Microsoft says Apple’s description of the post-PC era is wrong, describing it as PC+ instead. Microsoft says users will be able to move in and out of both worlds.
Apple thinks PCs – described as trucks by former CEO Steve Jobs – are going to be less. Microsoft disagrees
Steve Jobs famously described PCs as trucks when referring to the post-PC era – they will become less popular – but Microsoft disagrees, unsurprisingly, speaking at its Worldwide Partner Conference.
Microsoft’s chief operating officer, Kevin Turner, was speaking at the conference and said that Apple does make great hardware but the companies have different approaches to building an operating system. That’s when Turner said, when discussing some negative reaction from the press towards OS X Mountain Lion, that Apple is taking the wrong approach: the future isn’t with a tablet and a PC, and instead a world where all types of input exist.
Citing Windows 8, Turner said input methods from the finger to a mouse and keyboard can co-exist. The PC+ phrase was mentioned by former CEO Bill Gates in 1999: he said connectivity will be crucial. With Windows 8, Microsoft’s next-generation of the Windows desktop OS, the new Metro UI and the desktop environment of previous versions of Windows exist together. That’s caused some users to question if users will side with one version of the OS, and how that environment will work on a tablet when precise input methods found in the desktop half could be cumbersome for users.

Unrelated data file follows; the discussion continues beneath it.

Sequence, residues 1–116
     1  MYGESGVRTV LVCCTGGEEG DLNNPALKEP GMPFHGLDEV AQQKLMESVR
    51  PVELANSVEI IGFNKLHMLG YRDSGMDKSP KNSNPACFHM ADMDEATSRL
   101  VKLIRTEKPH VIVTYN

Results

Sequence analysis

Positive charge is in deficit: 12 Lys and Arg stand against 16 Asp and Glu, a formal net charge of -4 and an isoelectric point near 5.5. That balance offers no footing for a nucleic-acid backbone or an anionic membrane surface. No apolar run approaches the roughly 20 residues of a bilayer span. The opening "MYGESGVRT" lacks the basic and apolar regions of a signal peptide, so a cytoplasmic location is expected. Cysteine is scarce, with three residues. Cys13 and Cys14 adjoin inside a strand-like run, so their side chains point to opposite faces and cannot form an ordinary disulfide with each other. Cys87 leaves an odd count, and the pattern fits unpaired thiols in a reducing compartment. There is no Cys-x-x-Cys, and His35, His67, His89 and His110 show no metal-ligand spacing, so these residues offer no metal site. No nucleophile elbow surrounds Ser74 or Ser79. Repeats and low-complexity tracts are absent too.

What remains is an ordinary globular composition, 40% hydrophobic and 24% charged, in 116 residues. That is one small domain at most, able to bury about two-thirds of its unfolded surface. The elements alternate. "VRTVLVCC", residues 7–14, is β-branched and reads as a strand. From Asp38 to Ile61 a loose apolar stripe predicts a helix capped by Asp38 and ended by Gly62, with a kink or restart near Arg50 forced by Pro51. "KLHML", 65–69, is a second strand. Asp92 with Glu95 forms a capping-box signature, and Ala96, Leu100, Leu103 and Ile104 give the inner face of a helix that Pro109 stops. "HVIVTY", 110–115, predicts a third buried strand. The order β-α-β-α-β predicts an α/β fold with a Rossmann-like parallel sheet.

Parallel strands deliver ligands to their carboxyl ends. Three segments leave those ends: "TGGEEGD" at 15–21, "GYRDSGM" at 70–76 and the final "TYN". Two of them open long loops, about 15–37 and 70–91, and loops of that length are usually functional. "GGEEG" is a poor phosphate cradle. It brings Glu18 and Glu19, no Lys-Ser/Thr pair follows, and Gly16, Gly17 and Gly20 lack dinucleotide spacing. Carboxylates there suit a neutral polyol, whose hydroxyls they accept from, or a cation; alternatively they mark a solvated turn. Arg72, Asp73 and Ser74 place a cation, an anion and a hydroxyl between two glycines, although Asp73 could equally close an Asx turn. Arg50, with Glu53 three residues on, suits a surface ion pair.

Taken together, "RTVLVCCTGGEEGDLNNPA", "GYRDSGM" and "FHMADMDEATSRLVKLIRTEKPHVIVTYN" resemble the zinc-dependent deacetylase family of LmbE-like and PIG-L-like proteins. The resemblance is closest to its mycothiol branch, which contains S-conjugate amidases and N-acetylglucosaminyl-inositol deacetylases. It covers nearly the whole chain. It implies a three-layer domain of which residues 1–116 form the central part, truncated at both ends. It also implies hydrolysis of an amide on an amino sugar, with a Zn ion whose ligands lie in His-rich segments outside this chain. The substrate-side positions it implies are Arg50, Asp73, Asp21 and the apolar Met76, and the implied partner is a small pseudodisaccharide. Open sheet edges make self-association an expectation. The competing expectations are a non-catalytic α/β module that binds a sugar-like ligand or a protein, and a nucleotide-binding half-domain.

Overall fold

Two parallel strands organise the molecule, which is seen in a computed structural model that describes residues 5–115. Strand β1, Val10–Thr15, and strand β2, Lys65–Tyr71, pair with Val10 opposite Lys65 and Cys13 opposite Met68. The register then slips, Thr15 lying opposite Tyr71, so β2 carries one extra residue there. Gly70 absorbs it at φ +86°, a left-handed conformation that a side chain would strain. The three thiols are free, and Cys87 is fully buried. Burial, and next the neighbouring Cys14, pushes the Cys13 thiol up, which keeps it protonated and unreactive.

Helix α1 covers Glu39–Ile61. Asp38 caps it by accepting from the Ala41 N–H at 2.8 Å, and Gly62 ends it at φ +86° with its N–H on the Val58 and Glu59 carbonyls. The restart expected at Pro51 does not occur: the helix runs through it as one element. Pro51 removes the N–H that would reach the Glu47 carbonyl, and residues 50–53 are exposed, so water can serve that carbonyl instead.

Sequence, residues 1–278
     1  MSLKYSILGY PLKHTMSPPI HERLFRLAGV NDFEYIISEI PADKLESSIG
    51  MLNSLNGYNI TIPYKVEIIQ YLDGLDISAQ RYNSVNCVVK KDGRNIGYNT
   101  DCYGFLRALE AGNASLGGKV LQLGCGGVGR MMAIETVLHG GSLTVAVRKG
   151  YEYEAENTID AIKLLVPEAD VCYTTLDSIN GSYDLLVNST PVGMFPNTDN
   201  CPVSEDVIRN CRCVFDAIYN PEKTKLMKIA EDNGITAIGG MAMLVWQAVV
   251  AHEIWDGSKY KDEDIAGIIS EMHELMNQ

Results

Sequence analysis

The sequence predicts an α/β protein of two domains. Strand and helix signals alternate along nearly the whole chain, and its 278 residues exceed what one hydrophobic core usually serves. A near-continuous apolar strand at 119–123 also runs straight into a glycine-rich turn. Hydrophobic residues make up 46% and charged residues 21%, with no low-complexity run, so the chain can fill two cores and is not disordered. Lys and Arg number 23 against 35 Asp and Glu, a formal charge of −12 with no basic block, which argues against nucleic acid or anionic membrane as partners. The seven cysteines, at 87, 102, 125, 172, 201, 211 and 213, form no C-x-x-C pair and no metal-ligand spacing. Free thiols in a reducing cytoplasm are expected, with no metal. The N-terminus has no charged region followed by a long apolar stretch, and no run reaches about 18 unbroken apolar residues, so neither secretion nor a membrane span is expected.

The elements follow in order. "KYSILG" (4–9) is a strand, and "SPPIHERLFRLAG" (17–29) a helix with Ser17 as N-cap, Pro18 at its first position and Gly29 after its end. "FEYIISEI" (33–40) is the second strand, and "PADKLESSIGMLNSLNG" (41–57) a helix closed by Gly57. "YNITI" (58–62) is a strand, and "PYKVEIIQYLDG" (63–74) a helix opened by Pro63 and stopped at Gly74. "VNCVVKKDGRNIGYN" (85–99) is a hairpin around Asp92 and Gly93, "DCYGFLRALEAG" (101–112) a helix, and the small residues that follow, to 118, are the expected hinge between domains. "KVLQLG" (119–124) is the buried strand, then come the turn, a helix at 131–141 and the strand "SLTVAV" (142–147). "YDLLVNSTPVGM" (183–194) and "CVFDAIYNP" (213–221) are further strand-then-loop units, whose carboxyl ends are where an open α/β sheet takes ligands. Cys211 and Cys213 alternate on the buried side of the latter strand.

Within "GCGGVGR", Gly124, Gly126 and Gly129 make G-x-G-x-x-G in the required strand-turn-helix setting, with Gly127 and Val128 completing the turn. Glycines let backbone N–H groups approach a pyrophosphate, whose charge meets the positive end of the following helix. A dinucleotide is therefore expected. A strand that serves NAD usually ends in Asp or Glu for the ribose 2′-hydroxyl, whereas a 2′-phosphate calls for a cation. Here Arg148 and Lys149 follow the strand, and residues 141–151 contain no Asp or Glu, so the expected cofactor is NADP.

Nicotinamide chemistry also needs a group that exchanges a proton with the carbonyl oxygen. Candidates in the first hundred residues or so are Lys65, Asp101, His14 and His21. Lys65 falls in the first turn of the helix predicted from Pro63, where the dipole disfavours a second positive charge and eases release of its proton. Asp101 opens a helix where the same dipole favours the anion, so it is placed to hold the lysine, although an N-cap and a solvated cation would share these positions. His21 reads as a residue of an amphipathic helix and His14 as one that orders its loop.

Turner said with a single button press Microsoft believes different environments can be switched between. Turner also described Windows 8 as a game-changer, citing the reimagined OS and probably referring to the Metro UI. It’s a radical departure from previous versions of Windows 8: everything is presented in grids and tiles, like the Windows Phone UI.
It’s definitely a shot across the bow at Apple, which some may say is indicative of Microsoft being in second place when it comes to positioning itself in the post-PC/PC-plus era. We won’t know the success of Windows 8 until 2013 and beyond, but it’ll be interesting to see how developers adopt Metro and whether the integration between Windows 8 and other platforms – notably, Windows Phone – works. Microsoft is allowing simultaneous development of apps.
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